by E&E Legal Senior Policy Fellow Steve Milloy
As appearing in the Wall Street Journal
California lawmakers seek a ban, based on a scare over BPA that was debunked two decades ago.
Having vanquished plastic straws, the California Legislature is now considering a bill to ban paper cash-register receipts. One reason offered for the ban is to reduce carbon-dioxide emissions. The other is to reduce public exposure to bisphenol A, or BPA, a chemical used to coat receipts.
Whatever one’s opinion about climate science, it’s clear that eliminating the carbon footprint of California’s paper receipts won’t affect the global climate. Some 1,200 new coal plants are being planned or built around the world, and oil and gas production and use are rising through the roof. Even a global ban on paper would have no significant impact on atmospheric carbon-dioxide levels.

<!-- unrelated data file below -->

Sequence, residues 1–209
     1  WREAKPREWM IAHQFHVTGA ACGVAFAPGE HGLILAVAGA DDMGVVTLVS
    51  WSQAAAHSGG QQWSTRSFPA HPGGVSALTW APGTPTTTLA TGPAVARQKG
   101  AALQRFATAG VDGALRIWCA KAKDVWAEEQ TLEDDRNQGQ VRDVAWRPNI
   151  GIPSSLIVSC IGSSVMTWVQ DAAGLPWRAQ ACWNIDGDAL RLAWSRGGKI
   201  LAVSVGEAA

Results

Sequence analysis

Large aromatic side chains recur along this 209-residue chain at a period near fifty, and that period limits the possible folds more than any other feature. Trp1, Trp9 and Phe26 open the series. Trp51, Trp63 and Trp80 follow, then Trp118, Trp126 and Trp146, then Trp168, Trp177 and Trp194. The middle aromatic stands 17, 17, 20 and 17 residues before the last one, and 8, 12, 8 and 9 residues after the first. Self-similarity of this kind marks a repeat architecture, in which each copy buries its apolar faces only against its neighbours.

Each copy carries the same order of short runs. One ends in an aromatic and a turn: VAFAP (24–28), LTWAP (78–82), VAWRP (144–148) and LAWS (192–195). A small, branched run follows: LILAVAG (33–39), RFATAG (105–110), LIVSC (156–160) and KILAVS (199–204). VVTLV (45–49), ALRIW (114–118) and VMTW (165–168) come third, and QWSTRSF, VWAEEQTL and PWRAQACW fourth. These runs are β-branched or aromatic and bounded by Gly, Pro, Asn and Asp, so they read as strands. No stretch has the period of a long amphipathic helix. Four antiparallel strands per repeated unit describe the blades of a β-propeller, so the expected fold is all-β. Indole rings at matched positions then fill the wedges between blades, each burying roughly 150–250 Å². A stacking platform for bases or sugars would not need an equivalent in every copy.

The more interesting reason for the ban is the BPA argument, which is part of a broader trend of misuse of science in public policy. The alarm behind the California bill arises from the notion that BPA is an “endocrine disrupter”: a chemical that, even at low doses, can disrupt human hormonal systems. Such disruptions theoretically could cause a variety of ailments, from cancer to reproductive problems to attention-deficit disorder.